I'm a bit weird in that I usually ride with a pack but I carry my water and tools, except my mini-pump, on my bike except for more epic adventures. My pack has food, gloves, spare clothes, first aid, a light, my phone within easy reach, and often my camera. And I keep my pump in my back after killing one too many hanging on my bike. With the exception of the setup on my single speed, I carry my tools in a weather proof roll-up pouch that I can easily transfer from bike to bike. It straps on to most bikes okay but it mounts up much more securely to a hard-mounted accessory mount.
There are an endless number of options in this category. I've been using a 0.6L B-Rad bag, and included mount, since 2019 and then last year started using the new TekLite version of the same which uses thinner, more flexible material. The included plate has slots to mount a pump off the side if that's your thing but I just use it to securely fix my tool kit. For those that wouldn't carry a little frame bag there are still plenty of reasons to consider additional accessory mounts. The folks at Jank Components make a sweet inline pump mount for a OneUp pump, Pivot's Dock Ninja multi-tool looks neat, or a spot that almost fits a bottle there are some bottle-esque tool storage solutions like this one from Birzman. There are a plethora of options with more arriving every day. For example, it's easy to imagine Lezyne making a hardcase for their T-Drive tools that would bolt on to accessory mounts if more frames had them.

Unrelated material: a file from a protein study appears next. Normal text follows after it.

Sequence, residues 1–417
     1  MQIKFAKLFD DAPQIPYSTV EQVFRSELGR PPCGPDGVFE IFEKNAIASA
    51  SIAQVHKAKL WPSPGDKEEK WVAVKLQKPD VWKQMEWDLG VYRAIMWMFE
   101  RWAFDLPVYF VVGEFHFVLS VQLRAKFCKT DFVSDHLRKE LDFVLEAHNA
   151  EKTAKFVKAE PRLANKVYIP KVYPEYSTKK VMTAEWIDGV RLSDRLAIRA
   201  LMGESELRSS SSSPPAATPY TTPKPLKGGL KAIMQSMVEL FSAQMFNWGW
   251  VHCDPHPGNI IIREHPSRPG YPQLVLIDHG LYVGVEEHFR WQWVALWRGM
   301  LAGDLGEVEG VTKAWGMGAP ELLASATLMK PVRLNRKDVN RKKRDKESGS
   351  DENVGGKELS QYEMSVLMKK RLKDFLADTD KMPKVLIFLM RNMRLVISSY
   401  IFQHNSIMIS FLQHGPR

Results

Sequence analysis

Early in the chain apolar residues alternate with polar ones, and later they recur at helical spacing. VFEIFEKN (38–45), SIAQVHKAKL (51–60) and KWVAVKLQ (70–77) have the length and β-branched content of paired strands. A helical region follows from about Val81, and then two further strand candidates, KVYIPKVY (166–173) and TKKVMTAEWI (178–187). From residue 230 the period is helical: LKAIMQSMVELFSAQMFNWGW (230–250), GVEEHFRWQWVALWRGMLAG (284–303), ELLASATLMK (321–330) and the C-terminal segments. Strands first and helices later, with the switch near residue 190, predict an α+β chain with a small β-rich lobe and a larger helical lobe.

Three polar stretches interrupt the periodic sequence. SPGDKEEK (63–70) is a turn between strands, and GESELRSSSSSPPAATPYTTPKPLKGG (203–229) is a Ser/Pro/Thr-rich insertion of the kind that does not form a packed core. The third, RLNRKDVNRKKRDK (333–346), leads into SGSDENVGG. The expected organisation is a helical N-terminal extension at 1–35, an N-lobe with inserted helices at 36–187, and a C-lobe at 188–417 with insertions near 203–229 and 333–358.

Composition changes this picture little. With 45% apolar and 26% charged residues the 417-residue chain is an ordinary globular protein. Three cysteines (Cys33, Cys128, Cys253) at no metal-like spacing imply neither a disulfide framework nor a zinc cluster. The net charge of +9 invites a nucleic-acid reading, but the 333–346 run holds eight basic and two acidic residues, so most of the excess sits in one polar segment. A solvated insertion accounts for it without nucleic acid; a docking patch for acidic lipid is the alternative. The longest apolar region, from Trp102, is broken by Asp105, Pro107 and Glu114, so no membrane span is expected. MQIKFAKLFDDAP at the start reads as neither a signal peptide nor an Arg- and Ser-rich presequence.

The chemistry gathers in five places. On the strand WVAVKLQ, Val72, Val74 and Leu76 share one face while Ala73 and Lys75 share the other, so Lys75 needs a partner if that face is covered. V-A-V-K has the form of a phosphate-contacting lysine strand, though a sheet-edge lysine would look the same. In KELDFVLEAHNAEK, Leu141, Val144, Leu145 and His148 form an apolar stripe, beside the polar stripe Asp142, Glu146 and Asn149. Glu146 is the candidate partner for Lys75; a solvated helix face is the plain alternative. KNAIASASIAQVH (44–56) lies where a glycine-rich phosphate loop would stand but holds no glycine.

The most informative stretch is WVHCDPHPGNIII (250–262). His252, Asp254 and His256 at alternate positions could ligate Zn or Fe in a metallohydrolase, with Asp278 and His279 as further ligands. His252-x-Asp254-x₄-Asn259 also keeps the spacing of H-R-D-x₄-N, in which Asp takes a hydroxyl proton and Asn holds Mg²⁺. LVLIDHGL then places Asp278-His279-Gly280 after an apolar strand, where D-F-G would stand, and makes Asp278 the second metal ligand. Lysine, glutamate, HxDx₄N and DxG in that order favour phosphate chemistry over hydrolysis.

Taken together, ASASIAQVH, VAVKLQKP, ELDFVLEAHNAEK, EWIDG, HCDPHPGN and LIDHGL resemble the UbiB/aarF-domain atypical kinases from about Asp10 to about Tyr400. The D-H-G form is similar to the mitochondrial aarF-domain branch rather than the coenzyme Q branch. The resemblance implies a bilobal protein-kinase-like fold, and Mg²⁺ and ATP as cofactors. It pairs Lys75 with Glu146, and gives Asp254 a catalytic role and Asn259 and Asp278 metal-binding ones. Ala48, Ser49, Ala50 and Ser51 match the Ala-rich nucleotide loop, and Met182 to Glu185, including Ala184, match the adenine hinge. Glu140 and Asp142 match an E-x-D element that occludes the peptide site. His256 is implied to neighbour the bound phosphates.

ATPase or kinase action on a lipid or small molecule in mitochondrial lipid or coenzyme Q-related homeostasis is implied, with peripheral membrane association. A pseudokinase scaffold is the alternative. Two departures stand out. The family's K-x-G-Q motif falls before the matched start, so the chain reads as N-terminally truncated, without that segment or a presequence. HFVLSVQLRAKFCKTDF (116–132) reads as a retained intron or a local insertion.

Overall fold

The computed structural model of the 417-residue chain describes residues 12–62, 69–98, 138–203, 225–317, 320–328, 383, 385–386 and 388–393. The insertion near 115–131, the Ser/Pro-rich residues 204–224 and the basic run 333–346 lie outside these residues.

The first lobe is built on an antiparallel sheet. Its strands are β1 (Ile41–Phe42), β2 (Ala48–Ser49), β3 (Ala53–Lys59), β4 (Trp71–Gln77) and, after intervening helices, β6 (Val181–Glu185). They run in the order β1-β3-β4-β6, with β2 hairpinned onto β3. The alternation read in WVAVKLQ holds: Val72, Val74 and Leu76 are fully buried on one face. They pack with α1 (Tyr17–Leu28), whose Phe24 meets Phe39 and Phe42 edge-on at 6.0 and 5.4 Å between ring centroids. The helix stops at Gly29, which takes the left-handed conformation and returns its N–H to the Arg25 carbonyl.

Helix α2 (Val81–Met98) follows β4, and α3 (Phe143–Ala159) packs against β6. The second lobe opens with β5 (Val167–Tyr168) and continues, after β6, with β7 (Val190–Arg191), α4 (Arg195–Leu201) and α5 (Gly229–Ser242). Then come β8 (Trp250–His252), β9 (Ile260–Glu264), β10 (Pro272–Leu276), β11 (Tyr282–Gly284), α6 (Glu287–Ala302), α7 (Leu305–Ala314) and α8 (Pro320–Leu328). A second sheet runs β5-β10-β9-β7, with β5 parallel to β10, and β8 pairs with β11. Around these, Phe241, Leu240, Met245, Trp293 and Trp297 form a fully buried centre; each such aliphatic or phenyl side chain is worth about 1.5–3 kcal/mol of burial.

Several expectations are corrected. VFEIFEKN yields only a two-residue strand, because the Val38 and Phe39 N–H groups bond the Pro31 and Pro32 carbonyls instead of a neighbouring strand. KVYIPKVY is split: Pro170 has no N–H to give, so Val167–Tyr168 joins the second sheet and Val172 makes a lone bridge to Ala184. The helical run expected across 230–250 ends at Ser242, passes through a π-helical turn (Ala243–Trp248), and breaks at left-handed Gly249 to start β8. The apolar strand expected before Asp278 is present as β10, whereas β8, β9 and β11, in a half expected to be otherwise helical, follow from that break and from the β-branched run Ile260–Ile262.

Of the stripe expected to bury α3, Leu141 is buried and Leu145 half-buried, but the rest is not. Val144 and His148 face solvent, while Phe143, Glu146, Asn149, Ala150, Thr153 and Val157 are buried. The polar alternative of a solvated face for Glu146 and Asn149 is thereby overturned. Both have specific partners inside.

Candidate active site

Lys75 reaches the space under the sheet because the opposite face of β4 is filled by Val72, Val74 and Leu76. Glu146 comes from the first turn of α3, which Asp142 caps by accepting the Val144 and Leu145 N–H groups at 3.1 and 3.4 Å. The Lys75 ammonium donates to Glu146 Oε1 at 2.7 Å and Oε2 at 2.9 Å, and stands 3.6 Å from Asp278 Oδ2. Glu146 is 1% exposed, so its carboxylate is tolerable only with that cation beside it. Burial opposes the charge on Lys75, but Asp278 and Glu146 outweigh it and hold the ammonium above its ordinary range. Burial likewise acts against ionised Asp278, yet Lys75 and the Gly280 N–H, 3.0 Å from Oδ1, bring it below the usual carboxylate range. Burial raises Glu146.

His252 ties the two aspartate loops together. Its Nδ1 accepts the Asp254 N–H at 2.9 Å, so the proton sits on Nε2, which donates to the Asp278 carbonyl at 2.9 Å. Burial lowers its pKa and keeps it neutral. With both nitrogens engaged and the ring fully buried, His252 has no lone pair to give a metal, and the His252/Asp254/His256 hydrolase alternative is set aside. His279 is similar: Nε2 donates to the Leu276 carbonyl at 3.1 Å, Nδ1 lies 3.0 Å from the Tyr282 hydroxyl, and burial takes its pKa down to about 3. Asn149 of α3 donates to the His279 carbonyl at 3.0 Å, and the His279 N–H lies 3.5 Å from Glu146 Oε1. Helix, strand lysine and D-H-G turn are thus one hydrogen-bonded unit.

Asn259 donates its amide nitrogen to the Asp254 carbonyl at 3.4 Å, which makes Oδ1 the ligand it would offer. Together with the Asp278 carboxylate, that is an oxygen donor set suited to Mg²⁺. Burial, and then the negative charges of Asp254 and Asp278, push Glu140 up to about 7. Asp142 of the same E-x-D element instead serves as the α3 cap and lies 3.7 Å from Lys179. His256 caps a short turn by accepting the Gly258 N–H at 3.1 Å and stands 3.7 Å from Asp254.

I've heard some riders poo-pooing the addition of under-the-top tube bosses because they'd never use them, and that's fine. It's a minor additional cost to add more zits to a bike, at least a metal bike, but if most folks don't use them, or wouldn't use them, I can understand not wanting a bunch of extra bolts sticking out. I'm not into the thousands of bosses bike packing aesthetic myself.
Although, I've heard of some creative uses for mounting points from a hard-case banana holder, to a folding Silky Saw, and I'd believe that's only the start. Heck, Cy Whitling could be sure to never leave home without paints again with a clean little frame mounted kit, although a boss-mounted frame bag would also have room for paper. With the increasing number of folks out there with 3D Printers, a passion for mountain biking, and more imagination than yours truly, I'm certain with mass adoption, it would only be a matter of time before a bunch of cool mountable ideas came to fruition.
Dreaming up uses for extra bosses aside, I'll go back to what was interesting about having the visual tool of the B-RAD 4 base and two bottles to mock up into frames. I was sure that I was going to just squeak two bottles into my Rift Zone, and I was very much wrong. But as you can see from my shots it wouldn't take a much more open front triangle to make that a reality. An XL, or the XXL I'd love to see Marin making, frame would certainly be no issue and that's true for a lot of mountain bikes on the market.
Do enough people care about running two bottles, or a bottle and a bag, that it's worth the undertaking? I think, yes. I'm sure it's easy enough to draw spatially on a computer but even just grabbing the base I have, mounting two bottles, and mocking it into existing frames is an interesting thought experiment. And, it's a frame update that costs essentially nothing to offer a size-specific detail for riders. It demonstrates a focus on small details, and individual frame systems, even if it's not going as far as size-specific chain stay lengths and seat tube angles. It would be a nifty rebuttal to the really tall mountain bikers in my life when they complain that bikes aren't optimized for them, and who doesn't love chirping their riding friends?